The newspaper sat uselessly in his hands. The paper rustled as the mid-morning breeze bustled in through the open kitchen window, gracing the table he sat at – his home-cooked breakfast all but untouched – for just a moment. His eyes were thick with tears. His lips trembled and he coughed once, twice, three times. The tickle remained. His dressing gown was matted with raw egg, patches of congealed yellow looking like snot or worse. His glasses slid down his nose, the tears now leaking freely from his eyes, but he didn’t move to catch them.
Music played from outside. Whether outside his house or just outside his kitchen, he didn’t know. His ears had begun to ring. The music was a low, sleepy aria that hummed with the force of a bagpipes low drone – though far sweeter to the ear. It sounded like an angel’s song, her last call into the mortal world before she vanished forever. He thought of Moira, his wife, and how she’d adore the music. She never played it in the house, not anymore. She had grown protective over her precious arias.
He tapped the back of his neck, the muscles there tightening and squeezing on his throat. It ached unnaturally, like a spectre of long gone guilt was there in the bright yellow kitchen with him, choking him from behind. He coughed again, once, twice, three times. He smiled on the last cough, bringing his hands to the rough patch of beard he’d managed to grow along the flabby gizzard of his neck. As if a ghost would stand next to the bananas in the middle of the day. But still the feeling in his neck grew tighter, more constricted. The newspaper fell from his hands, the wind scattering the pages free of the checkered table cloth his wife had hand sown two summers before. A section stuck to the table, mired in a trench of egg and tomato sauce.
His lips were dry. When he flicked his tongue free of his mouth he winced, it was just as dry, just as horribly, horribly dehydrated as his lips. The feel of dry flesh on dry flesh sent spasms of pain down the length of his neck. He reached for the mug of coffee on the table and glugged a luke-warm mouthful. His lips stayed moist for a second, his tongue even less. He moved his mouth, trying to call out, but his words deserted him, betrayed him, and left him silent in the kitchen haunted by the aria from outside.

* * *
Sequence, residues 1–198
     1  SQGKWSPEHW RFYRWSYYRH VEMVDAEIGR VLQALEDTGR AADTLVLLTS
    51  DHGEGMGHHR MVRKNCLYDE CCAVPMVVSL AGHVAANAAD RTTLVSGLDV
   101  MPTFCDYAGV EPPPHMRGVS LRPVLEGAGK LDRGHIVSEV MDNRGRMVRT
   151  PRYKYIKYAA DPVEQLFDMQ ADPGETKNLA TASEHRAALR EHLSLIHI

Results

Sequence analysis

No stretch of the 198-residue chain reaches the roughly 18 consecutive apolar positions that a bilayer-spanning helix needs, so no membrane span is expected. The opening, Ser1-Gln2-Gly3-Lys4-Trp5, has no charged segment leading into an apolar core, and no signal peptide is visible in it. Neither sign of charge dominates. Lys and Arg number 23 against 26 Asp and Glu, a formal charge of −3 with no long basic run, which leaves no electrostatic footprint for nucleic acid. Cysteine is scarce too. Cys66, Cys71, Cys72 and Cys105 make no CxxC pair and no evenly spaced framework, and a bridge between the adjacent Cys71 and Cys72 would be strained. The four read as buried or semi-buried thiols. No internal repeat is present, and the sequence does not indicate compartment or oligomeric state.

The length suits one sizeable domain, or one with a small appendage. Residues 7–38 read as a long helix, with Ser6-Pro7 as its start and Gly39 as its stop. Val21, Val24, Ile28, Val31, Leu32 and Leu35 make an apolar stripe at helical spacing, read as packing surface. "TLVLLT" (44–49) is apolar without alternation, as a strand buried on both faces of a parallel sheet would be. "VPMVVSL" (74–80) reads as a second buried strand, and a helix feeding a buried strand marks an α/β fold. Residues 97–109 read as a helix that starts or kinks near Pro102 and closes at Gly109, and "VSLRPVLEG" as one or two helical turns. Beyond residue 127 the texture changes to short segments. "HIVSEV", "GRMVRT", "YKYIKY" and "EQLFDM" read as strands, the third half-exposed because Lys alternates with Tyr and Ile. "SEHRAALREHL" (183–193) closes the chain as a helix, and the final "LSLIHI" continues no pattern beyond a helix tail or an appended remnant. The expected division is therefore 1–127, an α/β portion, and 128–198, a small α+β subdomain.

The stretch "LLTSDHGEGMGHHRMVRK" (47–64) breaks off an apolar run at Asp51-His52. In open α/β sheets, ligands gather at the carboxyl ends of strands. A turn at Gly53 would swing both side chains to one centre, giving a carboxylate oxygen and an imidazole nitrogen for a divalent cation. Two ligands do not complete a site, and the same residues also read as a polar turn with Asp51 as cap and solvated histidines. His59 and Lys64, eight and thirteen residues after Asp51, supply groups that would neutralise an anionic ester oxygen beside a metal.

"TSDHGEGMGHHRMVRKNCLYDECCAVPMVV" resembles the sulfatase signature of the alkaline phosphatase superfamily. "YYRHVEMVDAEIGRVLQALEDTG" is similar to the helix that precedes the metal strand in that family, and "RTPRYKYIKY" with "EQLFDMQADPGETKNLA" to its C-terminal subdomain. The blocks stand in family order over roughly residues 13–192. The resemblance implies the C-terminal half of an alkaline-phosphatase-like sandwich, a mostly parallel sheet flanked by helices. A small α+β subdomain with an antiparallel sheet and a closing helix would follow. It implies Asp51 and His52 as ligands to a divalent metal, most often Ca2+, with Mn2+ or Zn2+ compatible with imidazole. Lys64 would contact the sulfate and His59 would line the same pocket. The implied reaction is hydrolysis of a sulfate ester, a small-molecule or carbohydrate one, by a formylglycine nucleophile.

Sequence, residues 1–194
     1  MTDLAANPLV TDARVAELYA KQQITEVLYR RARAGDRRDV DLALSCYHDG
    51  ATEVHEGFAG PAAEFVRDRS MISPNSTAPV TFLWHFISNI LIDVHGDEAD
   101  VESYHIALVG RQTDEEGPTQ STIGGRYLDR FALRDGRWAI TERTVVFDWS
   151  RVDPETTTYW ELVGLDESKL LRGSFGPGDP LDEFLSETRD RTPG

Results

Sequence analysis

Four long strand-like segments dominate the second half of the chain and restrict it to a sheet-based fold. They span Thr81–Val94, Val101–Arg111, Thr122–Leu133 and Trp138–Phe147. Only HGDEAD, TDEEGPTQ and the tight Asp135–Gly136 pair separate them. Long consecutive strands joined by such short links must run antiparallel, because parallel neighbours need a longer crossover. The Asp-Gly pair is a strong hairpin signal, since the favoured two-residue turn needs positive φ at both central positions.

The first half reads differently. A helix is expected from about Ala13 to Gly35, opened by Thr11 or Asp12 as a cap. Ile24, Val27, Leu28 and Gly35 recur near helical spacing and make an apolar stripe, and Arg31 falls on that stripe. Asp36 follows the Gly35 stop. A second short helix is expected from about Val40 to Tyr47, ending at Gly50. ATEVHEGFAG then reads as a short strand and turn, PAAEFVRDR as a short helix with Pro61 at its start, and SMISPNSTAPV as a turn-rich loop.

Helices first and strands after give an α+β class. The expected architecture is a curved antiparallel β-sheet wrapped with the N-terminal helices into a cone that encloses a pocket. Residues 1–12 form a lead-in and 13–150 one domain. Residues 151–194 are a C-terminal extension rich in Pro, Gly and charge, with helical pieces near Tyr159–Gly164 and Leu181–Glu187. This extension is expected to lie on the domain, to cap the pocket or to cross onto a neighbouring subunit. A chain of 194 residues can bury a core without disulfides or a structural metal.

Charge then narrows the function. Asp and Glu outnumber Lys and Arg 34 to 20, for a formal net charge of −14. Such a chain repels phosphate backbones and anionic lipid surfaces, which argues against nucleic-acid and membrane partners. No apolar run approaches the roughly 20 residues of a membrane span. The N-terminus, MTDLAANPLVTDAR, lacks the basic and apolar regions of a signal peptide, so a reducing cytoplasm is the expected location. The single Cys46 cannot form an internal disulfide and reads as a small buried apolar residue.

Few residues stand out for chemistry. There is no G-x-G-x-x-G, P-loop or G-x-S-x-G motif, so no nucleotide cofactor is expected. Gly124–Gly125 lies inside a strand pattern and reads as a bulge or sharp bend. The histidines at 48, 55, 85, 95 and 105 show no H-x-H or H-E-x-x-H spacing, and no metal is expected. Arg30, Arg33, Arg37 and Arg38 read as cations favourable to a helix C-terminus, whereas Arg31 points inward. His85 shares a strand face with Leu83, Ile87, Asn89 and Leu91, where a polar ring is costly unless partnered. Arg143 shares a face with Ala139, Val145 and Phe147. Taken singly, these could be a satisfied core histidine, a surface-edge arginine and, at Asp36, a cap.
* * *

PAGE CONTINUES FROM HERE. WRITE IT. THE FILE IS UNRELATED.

Panic became a strange bedfellow then. He’d never in his life met the ghoul that inhabited his body now. His breaths were short. His heart thump, thump, thumped like a hare caught in a hunter’s trap against his chest. He heard the feeling laugh in his ear, just a soft moan by his left lobe and he knew in that second – that clarifying second – that Karma in all its Hindu glory was real. He felt the weight of an overweight man on his front, the pressure in his neck the kerb of a dimly lit street. He struggled with his belt buckle, his entire body feeling too full, too full, too full. And then, like the Angel singing the aria, she walked into the kitchen.
“Moira,” he gasped, his hands so slick with sweat that they slipped from the table and threw him to the floor. But it didn’t sound like her name. It was the final moans of a dying animal, the vowels the same but the consonants were cut up and drawn out, their blood and entrails staining the kitchen floor. She didn’t stop. She walked to the window and shut it tight against the wind. He tried to say her name again, like it was all a dream and he just needed her to hear him. He tried to say her name again but the pressure in his neck grew so tight that he heard the faintest, softest click in his neck and his lips froze, mid-part, in a horrid ‘o’.
Moira picked up the newspaper and sat by the kitchen table she’d loving decorated. The aria grew in tempo, in emotion, in volume, filling the house again with its haunting melody.
No longer scared sing.